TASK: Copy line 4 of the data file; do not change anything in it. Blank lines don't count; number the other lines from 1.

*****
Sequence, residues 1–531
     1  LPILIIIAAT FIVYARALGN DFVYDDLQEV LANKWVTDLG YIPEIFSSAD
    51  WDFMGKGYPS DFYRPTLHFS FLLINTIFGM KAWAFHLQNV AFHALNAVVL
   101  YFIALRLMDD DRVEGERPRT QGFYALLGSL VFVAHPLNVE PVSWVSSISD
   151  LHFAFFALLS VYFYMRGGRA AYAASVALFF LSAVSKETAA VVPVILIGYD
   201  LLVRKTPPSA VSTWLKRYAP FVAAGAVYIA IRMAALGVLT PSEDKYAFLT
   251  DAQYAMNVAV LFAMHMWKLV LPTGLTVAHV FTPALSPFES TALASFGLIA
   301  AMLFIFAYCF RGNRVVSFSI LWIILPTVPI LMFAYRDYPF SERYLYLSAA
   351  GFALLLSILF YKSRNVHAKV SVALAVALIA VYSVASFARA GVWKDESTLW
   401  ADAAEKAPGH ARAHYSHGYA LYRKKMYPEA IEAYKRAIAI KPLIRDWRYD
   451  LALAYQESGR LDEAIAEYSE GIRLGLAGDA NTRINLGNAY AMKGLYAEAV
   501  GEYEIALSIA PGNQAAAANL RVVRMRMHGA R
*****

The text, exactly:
   101  YFIALRLMDD DRVEGERPRT QGFYALLGSL VFVAHPLNVE PVSWVSSISD